Wallace, David Foster. Everything and More: A Compact History of Infinity. 2003. New York: Atlas-Norton, 2010.

I love David Foster Wallace, so I bought this book even though I am not a mathematics enthusiast. I appreciate learning about intellectual history, though, and am therefore hopeful and expectant that Wallace will make this subject fascinating to me. After I read his unfinished novel The Pale King, which is mostly about IRS agents, I was half-tempted to become an accountant, so I am confident that my investment in this volume will not have been in vain.

Whitman, Walt. Franklin Evans or The Inebriate: A Tale of the Times. 1842. Ed. Christopher Castiglia and Glenn Hendler. Durham: Duke UP, 2007.

I love Whitman’s poetry, but have never read this, his only novel, which is supposed to be awful. I’ve been wanting to read it since one of my students did a presentation on it this past year, and when I saw it I knew I had to buy it immediately because I am acquainted with Chris Castiglia! He is a lovely man who teaches at Penn State. It is always exciting to buy a book by someone whom you know. Thus I will enjoy reading it even if the novel itself is terrible.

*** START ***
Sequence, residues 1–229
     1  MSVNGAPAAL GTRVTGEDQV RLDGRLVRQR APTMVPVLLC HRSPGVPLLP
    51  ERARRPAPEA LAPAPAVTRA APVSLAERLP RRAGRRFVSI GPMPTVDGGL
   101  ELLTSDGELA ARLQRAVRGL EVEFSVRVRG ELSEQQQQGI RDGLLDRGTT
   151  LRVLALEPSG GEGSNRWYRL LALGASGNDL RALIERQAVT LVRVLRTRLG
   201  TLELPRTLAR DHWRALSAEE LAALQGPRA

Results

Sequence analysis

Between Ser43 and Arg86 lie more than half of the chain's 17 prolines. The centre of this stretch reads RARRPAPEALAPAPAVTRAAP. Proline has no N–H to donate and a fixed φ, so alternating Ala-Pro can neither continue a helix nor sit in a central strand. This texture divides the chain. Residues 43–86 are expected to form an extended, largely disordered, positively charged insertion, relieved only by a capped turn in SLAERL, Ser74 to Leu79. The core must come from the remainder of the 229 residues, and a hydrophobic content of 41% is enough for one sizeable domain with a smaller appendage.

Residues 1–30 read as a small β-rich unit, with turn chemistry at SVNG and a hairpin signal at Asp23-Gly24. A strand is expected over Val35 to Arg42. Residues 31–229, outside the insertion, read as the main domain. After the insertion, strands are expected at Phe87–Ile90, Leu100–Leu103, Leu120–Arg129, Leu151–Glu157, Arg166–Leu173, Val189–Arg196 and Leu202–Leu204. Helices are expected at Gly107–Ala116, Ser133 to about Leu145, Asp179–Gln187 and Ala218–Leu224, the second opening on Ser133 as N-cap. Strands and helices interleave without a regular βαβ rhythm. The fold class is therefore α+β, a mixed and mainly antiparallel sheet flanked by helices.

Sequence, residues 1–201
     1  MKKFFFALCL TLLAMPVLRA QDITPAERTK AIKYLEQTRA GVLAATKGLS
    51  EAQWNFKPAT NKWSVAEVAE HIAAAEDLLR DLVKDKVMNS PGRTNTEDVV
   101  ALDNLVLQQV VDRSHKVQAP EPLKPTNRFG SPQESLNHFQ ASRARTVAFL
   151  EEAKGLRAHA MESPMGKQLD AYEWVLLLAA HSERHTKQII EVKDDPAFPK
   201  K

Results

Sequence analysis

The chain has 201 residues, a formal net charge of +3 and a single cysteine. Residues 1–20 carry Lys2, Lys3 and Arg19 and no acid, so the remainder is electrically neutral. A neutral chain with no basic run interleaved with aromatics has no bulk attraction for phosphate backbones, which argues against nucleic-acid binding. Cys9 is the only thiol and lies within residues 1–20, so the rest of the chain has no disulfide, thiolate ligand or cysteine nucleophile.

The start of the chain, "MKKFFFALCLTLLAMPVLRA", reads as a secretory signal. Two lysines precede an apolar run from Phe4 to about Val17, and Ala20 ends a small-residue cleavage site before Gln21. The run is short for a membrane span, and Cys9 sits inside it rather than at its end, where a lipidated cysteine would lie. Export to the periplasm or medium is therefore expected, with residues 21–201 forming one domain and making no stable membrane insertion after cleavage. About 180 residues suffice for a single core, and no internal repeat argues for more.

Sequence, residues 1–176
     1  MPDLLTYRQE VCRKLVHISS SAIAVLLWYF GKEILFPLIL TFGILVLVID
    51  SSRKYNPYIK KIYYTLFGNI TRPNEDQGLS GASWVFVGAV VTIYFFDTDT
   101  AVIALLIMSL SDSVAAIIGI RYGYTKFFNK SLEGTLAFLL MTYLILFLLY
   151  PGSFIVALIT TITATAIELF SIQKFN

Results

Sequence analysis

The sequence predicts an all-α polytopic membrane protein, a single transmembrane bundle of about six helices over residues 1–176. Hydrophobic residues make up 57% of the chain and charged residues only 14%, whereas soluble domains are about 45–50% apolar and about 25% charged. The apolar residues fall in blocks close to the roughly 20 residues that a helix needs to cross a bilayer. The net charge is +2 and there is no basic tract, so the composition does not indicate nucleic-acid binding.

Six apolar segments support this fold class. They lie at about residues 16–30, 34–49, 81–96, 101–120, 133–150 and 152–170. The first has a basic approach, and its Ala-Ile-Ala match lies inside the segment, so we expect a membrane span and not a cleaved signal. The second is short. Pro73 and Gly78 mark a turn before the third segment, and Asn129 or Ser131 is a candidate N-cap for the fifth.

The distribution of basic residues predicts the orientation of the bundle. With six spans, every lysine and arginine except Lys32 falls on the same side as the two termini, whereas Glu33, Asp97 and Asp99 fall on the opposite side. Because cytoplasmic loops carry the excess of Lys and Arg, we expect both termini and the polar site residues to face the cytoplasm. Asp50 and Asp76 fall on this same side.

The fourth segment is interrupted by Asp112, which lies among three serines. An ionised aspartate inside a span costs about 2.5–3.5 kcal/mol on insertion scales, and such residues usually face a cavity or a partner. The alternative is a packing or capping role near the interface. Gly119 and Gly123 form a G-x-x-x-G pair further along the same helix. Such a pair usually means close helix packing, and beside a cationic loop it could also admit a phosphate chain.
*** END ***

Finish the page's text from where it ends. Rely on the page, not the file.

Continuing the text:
Leave a comment

Filed under Literature

Books Acquired Recently

Kane, Daniel. All Poets Welcome: The Lower East Side Poetry Scene in the 1960s. Berkeley: U of California P, 2003.

I am a major fan of the New York School of Poets (John Ashbery, Kenneth Koch, Frank O’Hara, James Schuyler, et al.) and its descendants. Kane’s book covers both groups, so I bought it to read for fun.

McNeill, Elizabeth. Nine and a Half Weeks: A Memoir of a Love Affair. 1978. New York: Harper, 2005.